The York Blvd. Action Plan is a guide for realizing the Highland Park community’s vision for an improved York Blvd. In 2011, over 200 local residents, business people and organizational leaders worked together in over 15 workshops to develop a shared vision for improving it.
Not far away, the Huntington Dr. Action Plan realizes the El Sereno community’s vision for improving their own “downtown”- along Huntington from Maycrest Ave. to Collis Ave. Also in 2011, over 150 local residents, business people and organizational leaders worked together in 10 workshops to develop a shared vision for improving this important stretch of street.
So what is an Action Plan? Action Planning focuses on immediate and medium term improvements that can be implemented relatively quickly, inexpensively and incrementally. While traditional master plans develop an ideal vision of a place-and then draw that vision as a guide to future projects that may never happen, action planners ask, “If we have X dollars to spend this year, which improvements should we make? And then, once those are done, what comes next?”
Once the community answers these questions, action planners actually implement the neighborhoods’ top choices, primarily low-cost improvements that can be designed and built relatively quickly, using these immediate projects to build momentum. Then the planners create a guide with step-by-step work plans and tools, so that community members can implement the balance of their priorities as resources become available. Between the two plans, the Living Streets team distilled the many ideas brainstormed and discussed by community members into do-able actions that will incrementally improve two key area streets.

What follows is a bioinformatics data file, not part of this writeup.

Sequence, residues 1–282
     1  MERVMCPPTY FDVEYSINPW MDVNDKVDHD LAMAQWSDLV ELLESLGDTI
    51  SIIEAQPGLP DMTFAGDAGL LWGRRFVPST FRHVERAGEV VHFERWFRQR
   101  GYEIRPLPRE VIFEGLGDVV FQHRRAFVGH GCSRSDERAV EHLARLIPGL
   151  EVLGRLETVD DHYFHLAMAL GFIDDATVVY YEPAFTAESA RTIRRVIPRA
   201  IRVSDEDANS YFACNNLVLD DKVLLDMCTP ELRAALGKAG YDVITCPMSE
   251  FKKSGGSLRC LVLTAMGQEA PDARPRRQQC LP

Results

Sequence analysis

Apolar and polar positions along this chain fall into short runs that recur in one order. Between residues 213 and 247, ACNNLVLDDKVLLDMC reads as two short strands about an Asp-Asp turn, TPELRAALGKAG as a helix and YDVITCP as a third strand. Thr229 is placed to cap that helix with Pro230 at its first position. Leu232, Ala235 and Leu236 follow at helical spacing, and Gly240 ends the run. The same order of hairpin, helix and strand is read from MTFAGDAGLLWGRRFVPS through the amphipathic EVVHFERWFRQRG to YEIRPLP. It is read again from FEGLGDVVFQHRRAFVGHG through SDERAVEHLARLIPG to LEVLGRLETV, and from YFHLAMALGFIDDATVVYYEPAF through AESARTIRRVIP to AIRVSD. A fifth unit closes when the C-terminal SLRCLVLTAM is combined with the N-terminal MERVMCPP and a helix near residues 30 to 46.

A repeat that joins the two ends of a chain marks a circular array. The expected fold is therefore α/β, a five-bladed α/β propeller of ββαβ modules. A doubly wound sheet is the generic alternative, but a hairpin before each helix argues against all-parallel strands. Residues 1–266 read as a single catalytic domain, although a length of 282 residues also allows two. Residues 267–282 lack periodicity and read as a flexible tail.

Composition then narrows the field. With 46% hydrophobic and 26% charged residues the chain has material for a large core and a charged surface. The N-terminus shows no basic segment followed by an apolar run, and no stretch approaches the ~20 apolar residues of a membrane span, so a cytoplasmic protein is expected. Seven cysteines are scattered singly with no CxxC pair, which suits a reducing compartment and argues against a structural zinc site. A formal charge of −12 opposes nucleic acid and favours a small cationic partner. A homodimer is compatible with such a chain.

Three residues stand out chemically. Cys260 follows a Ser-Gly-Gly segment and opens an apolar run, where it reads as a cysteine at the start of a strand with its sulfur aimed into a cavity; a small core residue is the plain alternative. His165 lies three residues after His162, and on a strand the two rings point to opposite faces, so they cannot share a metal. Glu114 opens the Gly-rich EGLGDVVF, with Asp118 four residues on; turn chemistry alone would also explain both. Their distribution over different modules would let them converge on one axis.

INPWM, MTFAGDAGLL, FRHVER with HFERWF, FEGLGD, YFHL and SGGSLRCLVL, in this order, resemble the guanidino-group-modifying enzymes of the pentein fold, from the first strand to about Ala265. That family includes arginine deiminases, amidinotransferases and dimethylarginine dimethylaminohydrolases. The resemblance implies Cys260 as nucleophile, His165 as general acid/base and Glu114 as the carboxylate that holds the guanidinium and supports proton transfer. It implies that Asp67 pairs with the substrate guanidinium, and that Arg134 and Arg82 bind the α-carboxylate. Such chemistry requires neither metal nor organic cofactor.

“Streets are not there only to balance the needs of walkers, bicyclists, transit riders and drivers. Environmental restoration, economic equity and community engagement are essential to revitalizing neglected neighborhoods, so transforming streets in the City’s urban core into vibrant, inviting and green community spaces is a great way to show that this approach works,” says Ryan.
The York Blvd. Vision Project exemplified this Action Planning process. “When I saw the meeting announcements, I had just opened my business,” says Cathi Milligan, who owns the Glass Studio, an art gallery on York, “I wanted to be a part of the process, which was amazing—it was a successful way of getting community feedback. It allowed the community to be educated about the options and make intelligent decisions, and people were excited.”
Through this planning process, the community created a truly shared vision, and developed a strategic list of cost effective, incremental improvements that together would realize their vision.